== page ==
For anyone in Jesus’ time the cross would have been a symbol of defeat, not of victory and salvation. For those of us who have been part of the church for many years, Paul’s claim may simply be accepted as fact, and yet we live in a time where the people around us would ask the same questions.
How can it be that the cross is a sign of victory and of salvation?
In a paragraph prior to the one I just shared with you, Budde remarks that “… most churches are reverting instinctively to their role as chaplain and comforter – easing the pain of the survivors and bolstering the resolve of leaders planning for war. The chaplain’s game is one in which the category of citizen trumps, swallows whole the theoretically more fundamental category of disciple.”2
In our Gospel reading we find Jesus creating chaos in the temple by overturning tables, pouring out coins, and driving out animals and people alike. The passage ends with Jesus’ prediction of his own death and resurrection.
We normally take this story (Matthew, Mark, and Luke tell it, too) to be directed against mixing worship and profit. Battles over bake sales in the narthex have likely been fought, quoting this passage, implying that making a profit is OK anywhere else, just not in the temple or the church.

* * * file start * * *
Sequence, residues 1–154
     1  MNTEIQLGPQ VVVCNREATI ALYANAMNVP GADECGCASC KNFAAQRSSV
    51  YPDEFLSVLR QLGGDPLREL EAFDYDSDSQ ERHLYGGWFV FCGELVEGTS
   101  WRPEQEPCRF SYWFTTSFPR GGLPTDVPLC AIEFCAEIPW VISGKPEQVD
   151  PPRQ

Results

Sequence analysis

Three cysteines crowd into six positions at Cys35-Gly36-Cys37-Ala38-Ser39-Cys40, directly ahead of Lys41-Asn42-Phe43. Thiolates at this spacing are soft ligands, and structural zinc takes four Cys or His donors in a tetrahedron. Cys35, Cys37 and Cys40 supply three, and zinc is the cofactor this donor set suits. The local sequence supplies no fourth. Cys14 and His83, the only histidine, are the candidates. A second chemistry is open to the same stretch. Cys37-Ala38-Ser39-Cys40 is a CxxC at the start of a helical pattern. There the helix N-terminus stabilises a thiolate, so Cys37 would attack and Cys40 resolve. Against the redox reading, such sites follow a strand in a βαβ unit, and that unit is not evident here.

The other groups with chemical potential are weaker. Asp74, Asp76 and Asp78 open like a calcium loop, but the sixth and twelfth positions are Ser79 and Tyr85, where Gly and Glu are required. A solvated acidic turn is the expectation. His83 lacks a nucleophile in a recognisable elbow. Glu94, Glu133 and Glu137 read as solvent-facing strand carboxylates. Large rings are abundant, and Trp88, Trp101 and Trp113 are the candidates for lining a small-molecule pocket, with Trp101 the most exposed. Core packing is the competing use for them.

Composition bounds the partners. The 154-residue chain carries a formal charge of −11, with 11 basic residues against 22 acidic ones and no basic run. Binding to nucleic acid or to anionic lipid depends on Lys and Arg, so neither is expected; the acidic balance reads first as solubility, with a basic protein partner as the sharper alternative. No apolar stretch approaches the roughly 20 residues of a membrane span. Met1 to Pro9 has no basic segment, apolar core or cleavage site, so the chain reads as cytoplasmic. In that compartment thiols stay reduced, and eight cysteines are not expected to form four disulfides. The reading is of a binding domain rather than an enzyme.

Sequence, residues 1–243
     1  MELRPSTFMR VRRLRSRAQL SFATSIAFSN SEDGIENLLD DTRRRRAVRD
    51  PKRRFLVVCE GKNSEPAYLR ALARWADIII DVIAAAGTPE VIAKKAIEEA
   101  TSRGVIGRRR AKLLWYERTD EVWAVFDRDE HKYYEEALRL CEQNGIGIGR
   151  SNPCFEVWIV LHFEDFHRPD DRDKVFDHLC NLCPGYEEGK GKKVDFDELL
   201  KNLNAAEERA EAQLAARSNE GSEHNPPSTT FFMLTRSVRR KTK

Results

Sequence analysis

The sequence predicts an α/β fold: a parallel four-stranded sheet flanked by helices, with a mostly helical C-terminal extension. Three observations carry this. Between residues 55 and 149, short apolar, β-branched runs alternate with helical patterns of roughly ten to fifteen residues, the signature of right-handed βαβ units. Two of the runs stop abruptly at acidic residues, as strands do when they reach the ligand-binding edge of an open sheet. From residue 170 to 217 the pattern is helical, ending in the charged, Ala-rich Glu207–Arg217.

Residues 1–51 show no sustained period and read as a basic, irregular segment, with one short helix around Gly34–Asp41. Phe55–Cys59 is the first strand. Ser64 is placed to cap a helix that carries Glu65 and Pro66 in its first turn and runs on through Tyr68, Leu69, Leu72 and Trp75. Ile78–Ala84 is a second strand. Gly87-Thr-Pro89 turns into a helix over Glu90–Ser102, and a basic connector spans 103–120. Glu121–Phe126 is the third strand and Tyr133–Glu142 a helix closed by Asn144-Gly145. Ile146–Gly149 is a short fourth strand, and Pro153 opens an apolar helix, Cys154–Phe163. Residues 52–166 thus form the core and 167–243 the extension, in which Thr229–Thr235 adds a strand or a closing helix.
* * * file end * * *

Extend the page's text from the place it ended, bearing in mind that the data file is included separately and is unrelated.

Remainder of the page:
But what if we saw Jesus’ actions on this day in a larger context?
We may remember the prophet Hosea through whom God speaks, “… I desire steadfast love and not sacrifice, the knowledge of God rather than burnt offerings” (6:6), or Psalm 51 which we prayed on Ash Wednesday, “For you have no delight in sacrifice; if I were to give a burnt offering, you would not be pleased (v.16), or the prophet Jeremiah who says about the temple, “Do not trust in these deceptive words: ‘This is the temple of the Lord, the temple of the Lord, the temple of the Lord.’” (7:4)